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My favorite math quote will probably always be Paul Gordan's response to Hilbert's proof of his Basis Theorem: "This is not Mathematics. This is Theology."

Along with his redaction after he came to accept the method: "I have convinced myself that even theology has its merits."

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To find out how misunderstood is the relationship between Gordan and Hilbert read McLarty's 'Theology and its discontents'. cwru.edu/artsci/phil/Theology%20and%20its%20discontents.pdf – David Corfield Mar 31 '10 at 7:47

«Allez en avant, et la foi vous viendra.»

Free translation: keep going, faith will come later.

Jean-le-Rond D'Alembert, to his students (quoted by Florian Cajori in A history of mathematics)

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A mathematician is a device for turning coffee into theorems. —Alfréd Rényi, but often attributed also to Paul Erdős

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Ken Ribet once told me the story of how he was sent a freebie book "for possible use in your undergraduate classes" that he looked at and decided he didn't want, so took it to the second hand bookstore in his lunch break, sold it, and bought lunch with the proceeds. On the way back to the math department he realised he'd turned theorems into coffee. – Kevin Buzzard Nov 29 '09 at 22:42
A comathematician is a device for turning cotheorems into ffee. A cotheorem is of course what one deduces from a rollary. – Saul Glasman Nov 30 '09 at 19:02
I think "A mathematician is a device for turning 'coffee', wink wink, into theorems" is more likely to be authentically Erdos, no? – Benjamin Lindqvist Dec 22 '13 at 19:26

La vie est étrange. En fait, en géometrie, on ne se représente pas de la même manière une droite complexe affine (par exemple pour le théorème de Ceva dans un triangle) et le corps des complexes x+iy. Quand j'y songe, les points imaginaires de la géometrie sont gris, les points réels noirs, et l'intersection de deux droites imaginaires conjuguées est un point réel noir. La belle conique ombilicale est argentée, les droites et cônes isotropes sont plutôt roses.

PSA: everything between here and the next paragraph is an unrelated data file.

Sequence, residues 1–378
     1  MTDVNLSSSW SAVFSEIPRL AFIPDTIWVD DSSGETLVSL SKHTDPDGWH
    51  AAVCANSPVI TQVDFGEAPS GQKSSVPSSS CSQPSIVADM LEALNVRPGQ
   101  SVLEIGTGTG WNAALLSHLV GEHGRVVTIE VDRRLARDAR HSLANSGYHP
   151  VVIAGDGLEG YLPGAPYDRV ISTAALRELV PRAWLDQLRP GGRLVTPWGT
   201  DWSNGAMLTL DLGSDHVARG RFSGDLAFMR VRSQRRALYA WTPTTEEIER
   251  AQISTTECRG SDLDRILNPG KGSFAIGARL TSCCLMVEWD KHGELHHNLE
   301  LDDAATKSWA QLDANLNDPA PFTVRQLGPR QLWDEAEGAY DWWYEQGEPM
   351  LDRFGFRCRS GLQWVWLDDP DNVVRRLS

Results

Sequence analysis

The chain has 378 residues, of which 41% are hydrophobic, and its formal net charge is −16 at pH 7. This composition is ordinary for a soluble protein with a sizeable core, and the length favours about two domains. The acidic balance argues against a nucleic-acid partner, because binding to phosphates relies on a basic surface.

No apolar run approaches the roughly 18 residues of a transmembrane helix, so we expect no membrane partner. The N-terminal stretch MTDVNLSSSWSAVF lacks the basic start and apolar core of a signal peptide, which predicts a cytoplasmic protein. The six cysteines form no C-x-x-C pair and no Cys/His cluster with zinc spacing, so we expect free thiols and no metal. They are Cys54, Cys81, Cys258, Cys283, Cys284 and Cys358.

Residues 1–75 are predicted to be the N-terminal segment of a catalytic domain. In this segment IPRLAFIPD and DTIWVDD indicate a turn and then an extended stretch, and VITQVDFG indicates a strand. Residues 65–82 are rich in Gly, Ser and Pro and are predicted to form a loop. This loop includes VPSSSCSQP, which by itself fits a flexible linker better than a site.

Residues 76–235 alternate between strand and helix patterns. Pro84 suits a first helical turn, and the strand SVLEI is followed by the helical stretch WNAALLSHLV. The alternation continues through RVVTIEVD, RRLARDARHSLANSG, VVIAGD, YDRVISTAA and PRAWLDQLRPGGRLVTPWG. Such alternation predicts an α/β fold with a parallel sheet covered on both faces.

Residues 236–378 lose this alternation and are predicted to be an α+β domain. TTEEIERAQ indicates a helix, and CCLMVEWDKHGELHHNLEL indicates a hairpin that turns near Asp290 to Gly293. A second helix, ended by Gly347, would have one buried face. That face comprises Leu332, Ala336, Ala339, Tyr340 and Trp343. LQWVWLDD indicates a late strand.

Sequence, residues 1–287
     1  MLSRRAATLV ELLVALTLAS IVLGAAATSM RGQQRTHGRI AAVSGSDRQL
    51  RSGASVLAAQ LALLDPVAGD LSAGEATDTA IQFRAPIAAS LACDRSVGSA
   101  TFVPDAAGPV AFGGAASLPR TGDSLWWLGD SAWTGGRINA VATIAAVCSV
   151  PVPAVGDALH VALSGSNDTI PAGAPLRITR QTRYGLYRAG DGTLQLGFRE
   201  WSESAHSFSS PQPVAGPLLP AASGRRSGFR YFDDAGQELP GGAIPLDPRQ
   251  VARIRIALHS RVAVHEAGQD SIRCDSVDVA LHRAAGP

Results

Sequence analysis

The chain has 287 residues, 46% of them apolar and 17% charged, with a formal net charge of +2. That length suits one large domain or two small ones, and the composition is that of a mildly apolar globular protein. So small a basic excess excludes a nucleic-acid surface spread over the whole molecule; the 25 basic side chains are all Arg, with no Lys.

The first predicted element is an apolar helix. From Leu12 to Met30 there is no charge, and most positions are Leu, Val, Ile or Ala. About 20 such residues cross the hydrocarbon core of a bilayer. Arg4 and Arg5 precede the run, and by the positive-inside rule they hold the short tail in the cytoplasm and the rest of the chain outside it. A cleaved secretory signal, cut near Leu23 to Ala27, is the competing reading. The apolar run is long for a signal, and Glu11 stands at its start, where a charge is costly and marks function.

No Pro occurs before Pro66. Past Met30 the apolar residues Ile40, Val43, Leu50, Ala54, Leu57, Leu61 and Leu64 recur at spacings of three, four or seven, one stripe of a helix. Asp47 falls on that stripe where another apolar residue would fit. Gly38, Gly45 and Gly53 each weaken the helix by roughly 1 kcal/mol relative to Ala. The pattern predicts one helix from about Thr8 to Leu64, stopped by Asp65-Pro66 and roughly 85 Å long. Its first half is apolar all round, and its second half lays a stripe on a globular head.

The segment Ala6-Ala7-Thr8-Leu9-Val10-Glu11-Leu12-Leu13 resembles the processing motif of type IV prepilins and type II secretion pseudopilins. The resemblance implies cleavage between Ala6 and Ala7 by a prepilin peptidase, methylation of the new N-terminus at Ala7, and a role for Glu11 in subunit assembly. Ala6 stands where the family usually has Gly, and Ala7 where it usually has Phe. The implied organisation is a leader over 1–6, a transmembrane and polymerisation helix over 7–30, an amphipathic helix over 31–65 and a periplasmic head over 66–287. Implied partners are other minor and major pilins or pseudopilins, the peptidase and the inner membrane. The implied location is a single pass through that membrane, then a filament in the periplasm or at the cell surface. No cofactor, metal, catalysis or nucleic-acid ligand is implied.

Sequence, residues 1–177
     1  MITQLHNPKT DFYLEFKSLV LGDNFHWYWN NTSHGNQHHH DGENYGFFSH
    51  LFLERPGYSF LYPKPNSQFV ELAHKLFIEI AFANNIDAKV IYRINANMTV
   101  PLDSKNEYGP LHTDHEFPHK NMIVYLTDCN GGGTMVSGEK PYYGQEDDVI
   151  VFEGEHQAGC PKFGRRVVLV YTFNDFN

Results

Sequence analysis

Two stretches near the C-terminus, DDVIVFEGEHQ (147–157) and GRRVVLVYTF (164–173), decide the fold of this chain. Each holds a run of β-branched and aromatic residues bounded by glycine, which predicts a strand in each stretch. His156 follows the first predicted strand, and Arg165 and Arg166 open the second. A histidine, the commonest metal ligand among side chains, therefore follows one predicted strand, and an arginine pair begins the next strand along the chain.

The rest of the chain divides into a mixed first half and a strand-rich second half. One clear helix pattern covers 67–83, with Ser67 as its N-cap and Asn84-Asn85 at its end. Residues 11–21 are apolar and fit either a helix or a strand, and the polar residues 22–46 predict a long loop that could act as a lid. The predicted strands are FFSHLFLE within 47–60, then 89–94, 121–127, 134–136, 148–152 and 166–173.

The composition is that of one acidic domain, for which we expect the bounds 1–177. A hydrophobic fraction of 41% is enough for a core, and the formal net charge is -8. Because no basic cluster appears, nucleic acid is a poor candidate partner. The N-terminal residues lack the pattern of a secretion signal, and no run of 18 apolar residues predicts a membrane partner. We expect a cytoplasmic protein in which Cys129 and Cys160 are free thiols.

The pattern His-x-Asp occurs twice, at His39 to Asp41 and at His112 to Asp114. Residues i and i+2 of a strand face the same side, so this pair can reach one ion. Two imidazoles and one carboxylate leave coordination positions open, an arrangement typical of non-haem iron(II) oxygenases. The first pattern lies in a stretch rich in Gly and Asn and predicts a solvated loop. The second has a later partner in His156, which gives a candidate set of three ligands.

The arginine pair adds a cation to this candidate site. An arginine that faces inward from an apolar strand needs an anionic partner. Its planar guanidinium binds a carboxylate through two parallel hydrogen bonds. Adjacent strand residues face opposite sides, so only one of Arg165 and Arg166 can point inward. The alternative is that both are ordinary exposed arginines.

Laurent Schwartz, Un mathématicien aux prises avec le siècle.

Free translation: «Life is strange. In fact, in geometry, we do not think in the same way of a complex affine line (for example in the theorem of Ceva in a triangle) and of the field of complex numbers x+iy. When I think about this, imaginary points in geomtry are gray, the real points are black, and the intersection of two conjugate imaginary lines is a black real point. The beautiful umbilical conic is silver, the lines and isotropic cones are mostly pink.»

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Reminds me of the synaesthetic experiences of Feynman: "When I see equations, I see the letters in colors – I don't know why. As I'm talking, I see vague pictures of Bessel functions from Jahnke and Emde's book, with light-tan j's, slightly violet-bluish n's, and dark brown x's flying around. And I wonder what the hell it must look like to the students." – Todd Trimble Jun 9 '13 at 14:42

"God exists since mathematics is consistent, and the Devil exists since we cannot prove it."- André Weil

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So, mathematics is consistent? I think we can more or less rely on dividing by three, for the rest we shouldn't be that sure... – Jose Brox Dec 8 '09 at 15:42
@Jose: I don't know if you were referring to this paper indirectly, but you should check out math.dartmouth.edu/~doyle/docs/three/three.pdf, where it is proven that division by three is possible. – Steven Gubkin Apr 23 '10 at 12:42